Lately my job has kept me embroiled in legal matters involving civil law countries in Europe, and as a result, I’ve become very familiar with a fun little device of international law called an apostille.
Basically, an apostille is a certificate which authenticates a government document so that the document is effective as a government document in any country which has acceded to the Hague Convention of 1961. (There are a few big countries which haven’t, such as China, Brazil and Indonesia, but most of Europe and the English-speaking world is on board.)
These can be necessary in any number of contexts. Among them:
- If you sign a document before a Japanese notary, the notary generally has to attach an apostille to their certification in order to make it valid as a notarized document in other countries.
- In the business arena, apostilles are often necessary when a Japanese company is directly buying property or taking a lien on property, particularly in civil law countries where this has to be done through a professional notary.
- In the courtoom, apostilles are often necessary when making extradition requests, or if entering a Japanese government document as evidence in litigation.
Apostilles are always issued by government offices, although the exact issuing entity varies by country. In the United States, for example, one can obtain an apostille from any state government or from any federal court. Japan keeps tighter control over the process, and there are basically two ways to get an apostille here if you need one:
1. The neighborhood notary public
All notary offices in Tokyo and Kanagawa can attach an apostille to a notarized document; you just have to ask the notary when you go in to sign. (Note, however, that notaries attached to foreign embassies are not likely to have apostilles on hand; assuming they don’t, you would have to get an apostille from the competent authority in their home country.)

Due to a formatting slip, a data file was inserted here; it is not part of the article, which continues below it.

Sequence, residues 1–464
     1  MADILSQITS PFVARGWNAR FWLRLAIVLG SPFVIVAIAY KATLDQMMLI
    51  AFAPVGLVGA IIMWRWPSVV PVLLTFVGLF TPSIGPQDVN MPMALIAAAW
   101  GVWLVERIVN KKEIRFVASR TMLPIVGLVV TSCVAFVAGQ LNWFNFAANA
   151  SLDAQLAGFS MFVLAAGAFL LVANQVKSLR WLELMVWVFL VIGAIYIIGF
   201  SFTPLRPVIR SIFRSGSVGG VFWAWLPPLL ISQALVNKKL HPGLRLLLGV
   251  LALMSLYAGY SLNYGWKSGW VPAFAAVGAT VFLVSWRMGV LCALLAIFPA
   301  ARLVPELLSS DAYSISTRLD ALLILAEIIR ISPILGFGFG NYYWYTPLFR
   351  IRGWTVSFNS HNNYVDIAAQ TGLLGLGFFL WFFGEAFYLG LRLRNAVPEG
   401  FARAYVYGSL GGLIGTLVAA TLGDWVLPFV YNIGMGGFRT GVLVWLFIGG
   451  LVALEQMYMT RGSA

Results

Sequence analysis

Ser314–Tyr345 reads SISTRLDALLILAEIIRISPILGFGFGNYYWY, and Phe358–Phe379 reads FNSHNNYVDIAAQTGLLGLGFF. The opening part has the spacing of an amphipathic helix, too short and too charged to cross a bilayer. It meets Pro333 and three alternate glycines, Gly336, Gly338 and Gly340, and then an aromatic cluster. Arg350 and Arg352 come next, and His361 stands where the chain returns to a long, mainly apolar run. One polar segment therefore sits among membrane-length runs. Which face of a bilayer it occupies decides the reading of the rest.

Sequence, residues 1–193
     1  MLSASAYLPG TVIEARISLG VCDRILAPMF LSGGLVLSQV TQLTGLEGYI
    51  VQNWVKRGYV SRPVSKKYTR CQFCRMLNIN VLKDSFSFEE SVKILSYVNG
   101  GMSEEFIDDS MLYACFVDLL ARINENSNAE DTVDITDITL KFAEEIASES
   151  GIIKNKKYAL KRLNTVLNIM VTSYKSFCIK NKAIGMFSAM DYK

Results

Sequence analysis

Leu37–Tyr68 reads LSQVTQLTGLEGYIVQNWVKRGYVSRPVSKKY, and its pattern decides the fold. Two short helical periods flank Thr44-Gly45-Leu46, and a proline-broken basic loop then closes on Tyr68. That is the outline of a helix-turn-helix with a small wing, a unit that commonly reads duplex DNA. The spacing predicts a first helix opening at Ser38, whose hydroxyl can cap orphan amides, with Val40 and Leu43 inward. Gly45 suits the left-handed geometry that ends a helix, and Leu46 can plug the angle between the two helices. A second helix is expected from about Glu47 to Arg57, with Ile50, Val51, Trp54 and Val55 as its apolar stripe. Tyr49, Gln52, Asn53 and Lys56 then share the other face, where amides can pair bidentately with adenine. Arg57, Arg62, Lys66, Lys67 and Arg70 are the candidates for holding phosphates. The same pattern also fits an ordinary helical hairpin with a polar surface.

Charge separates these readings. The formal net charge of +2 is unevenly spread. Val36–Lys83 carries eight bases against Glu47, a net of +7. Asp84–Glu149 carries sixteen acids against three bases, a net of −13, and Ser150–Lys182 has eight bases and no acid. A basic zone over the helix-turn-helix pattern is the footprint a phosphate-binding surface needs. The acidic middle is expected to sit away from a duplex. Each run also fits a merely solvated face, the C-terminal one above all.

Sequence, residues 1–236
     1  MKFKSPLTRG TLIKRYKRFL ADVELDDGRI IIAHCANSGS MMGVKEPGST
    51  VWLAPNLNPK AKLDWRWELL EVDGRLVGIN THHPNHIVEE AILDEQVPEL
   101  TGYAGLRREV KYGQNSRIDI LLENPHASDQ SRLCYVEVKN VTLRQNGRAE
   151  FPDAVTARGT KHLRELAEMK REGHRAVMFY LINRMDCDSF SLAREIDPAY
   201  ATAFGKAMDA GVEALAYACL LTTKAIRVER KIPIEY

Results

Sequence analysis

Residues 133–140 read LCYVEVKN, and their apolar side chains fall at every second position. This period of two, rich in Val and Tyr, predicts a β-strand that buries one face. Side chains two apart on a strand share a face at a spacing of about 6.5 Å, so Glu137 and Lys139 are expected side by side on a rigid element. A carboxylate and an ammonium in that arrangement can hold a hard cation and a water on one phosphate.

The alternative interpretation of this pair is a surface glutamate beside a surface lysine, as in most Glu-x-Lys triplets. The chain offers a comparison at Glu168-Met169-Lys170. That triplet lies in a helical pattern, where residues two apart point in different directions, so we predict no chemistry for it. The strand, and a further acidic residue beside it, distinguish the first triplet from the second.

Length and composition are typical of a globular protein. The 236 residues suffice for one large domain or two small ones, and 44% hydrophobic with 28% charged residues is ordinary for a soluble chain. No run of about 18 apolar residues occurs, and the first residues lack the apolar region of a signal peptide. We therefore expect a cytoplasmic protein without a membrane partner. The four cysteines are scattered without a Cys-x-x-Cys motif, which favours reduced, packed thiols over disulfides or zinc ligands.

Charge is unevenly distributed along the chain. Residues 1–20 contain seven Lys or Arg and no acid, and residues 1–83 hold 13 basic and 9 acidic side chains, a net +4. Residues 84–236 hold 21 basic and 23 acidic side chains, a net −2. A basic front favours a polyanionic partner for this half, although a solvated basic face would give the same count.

The other way to get an apostille — and the only way to get an apostille on government documents other than notarials — is to apply directly to the Ministry of Foreign Affairs. You can either do this in person or by mail: applications are accepted at the MOFA building in Tokyo (2-2-1 Kasumigaseki, Chiyoda-ku 100-8919) and the Osaka prefectural government building (2-1-22 Otemae, Chuo-ku 540-0008). If you do it in person, you have to leave the document overnight and pick it up the next day. All the details in Japanese are on this page.
There is a special procedure to be aware of when getting an apostille on a Legal Affairs Bureau document, such as a corporate registration certificate or real estate record. The registrar seal printed on the certificate is not enough for MOFA to issue an apostille; you also have to get a separate certification of the registrar’s authority sealed by the head of the bureau. In Tokyo, this is issued from a secluded office buried in the back of the 6th floor.